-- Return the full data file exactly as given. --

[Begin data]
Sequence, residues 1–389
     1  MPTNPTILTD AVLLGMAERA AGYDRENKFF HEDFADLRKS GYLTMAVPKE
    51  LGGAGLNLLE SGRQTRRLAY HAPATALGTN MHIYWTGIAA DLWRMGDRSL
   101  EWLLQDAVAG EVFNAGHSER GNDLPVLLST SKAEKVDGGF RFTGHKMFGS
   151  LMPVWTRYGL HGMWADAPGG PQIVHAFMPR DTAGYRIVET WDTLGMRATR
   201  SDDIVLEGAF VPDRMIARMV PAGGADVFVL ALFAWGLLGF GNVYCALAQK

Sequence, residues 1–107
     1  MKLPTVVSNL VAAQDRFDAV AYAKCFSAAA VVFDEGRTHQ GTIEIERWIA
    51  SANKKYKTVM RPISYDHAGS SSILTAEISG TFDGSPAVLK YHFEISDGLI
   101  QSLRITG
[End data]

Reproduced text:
Sequence, residues 1–389
     1  MPTNPTILTD AVLLGMAERA AGYDRENKFF HEDFADLRKS GYLTMAVPKE
    51  LGGAGLNLLE SGRQTRRLAY HAPATALGTN MHIYWTGIAA DLWRMGDRSL
   101  EWLLQDAVAG EVFNAGHSER GNDLPVLLST SKAEKVDGGF RFTGHKMFGS
   151  LMPVWTRYGL HGMWADAPGG PQIVHAFMPR DTAGYRIVET WDTLGMRATR
   201  SDDIVLEGAF VPDRMIARMV PAGGADVFVL ALFAWGLLGF GNVYCALAQK

Sequence, residues 1–107
     1  MKLPTVVSNL VAAQDRFDAV AYAKCFSAAA VVFDEGRTHQ GTIEIERWIA
    51  SANKKYKTVM RPISYDHAGS SSILTAEISG TFDGSPAVLK YHFEISDGLI
   101  QSLRITG